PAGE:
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I am glad to hear that your Pierce Arrow has arrived! Dropping the pan and cleaning out the old oil and sludge is an excellent idea. This will give you a chance to check how the bearings fit in the lower end of the engine.
As we discussed before, I would be very careful in working on the fuel system, especially on a car that has been stored for a long time. Make sure that there is no rust, dirt, deposits, or varnish in the tank, fuel lines, fuel pump, and carburetor. You may want to look at using a tank sealant if you find surface rust inside. Once you have the fuel system clean, it would be good to get a fuel filter in the line to keep it that way. Few things are more annoying than getting an engine running, then having rust flakes or crud clog the jets in the carburetor!
You will probably have to make your own water pump gaskets from gasket material from the car parts store. They are fairly simple and easy to cut out. These water pumps are pretty simple and if the vanes of the impeller are intact and not rusted away, they will move a lot of water. Perhaps the biggest problem is keeping a seal where the shaft exits the pump. The shaft tends to get worn and grooves which wear away the packing material. Then no matter how tight you try to tighten the packing nut, it will still leak coolant around the shaft. You can try fitting new packing material, but if the shaft is worn or damaged, the best thing to do is to have a machinist install a bearing and a modern seal and fit a new shaft if you have a leak in this area.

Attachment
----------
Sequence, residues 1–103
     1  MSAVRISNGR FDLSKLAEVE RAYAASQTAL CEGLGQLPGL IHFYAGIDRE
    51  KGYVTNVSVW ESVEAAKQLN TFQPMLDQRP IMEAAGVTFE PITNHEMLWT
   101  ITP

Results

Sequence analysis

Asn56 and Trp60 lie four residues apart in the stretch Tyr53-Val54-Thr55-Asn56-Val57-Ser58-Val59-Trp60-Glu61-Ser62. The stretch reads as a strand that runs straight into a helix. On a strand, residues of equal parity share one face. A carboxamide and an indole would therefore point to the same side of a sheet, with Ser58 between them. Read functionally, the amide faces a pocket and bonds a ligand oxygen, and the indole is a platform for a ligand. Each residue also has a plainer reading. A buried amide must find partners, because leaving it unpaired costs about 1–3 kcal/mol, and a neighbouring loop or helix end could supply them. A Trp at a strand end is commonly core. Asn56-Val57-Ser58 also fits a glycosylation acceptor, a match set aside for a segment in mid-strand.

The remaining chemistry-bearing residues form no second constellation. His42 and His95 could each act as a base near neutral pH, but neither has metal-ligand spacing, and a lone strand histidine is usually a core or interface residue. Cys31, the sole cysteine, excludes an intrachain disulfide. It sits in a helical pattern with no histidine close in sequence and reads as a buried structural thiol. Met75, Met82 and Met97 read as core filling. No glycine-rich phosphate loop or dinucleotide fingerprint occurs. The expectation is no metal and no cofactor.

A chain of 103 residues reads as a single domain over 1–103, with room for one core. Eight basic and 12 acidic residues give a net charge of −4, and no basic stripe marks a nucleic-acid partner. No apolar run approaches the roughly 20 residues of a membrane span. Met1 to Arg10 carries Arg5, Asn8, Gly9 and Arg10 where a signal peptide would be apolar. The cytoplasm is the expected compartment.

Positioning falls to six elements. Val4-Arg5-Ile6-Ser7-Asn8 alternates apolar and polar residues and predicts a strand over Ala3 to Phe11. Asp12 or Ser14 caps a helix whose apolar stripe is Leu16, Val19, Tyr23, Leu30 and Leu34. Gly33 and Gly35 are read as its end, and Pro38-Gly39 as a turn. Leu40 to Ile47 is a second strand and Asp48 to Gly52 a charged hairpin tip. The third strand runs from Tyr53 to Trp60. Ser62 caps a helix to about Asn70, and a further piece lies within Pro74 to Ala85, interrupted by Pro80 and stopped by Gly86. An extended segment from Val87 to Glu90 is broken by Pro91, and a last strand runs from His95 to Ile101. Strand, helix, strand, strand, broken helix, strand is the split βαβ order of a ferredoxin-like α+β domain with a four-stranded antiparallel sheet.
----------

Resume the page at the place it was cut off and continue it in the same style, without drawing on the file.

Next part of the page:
The main thing to check with the oil temperature regulator is 1). that it is not leaking coolant to the outside of the engine, and 2). that it is not leaking oil into the coolant (or coolant into the oil). As this is essentially a heat exchanger, leaks in the core can allow oil under pressure to leak into the cooling system. You will notice this if you see an oil film floating in your coolant when you open the radiator cap.
Body wood in a Pierce Arrow is Northern White Ash.
It looks like you’ll want to check the engine side cover for coolant leaks. One thing to be aware of, especially on an engine that has been sitting for a long time is that the cooling system may also be full of dirt and rust flakes. These get circulated through the system and can clog the radiator, and obstruct flow through the water jackets…leading to overheating. This is another system where it is important to have it as clean as possible. If you get really adventuresome, you can remove the side plate and clean out all the rust flakes and dirt. New gaskets (and side plates, if necessary) are available from PAS Member Dave Murray.
Good luck with your Pierce. Let us know if we can be of further assistance with getting her running again!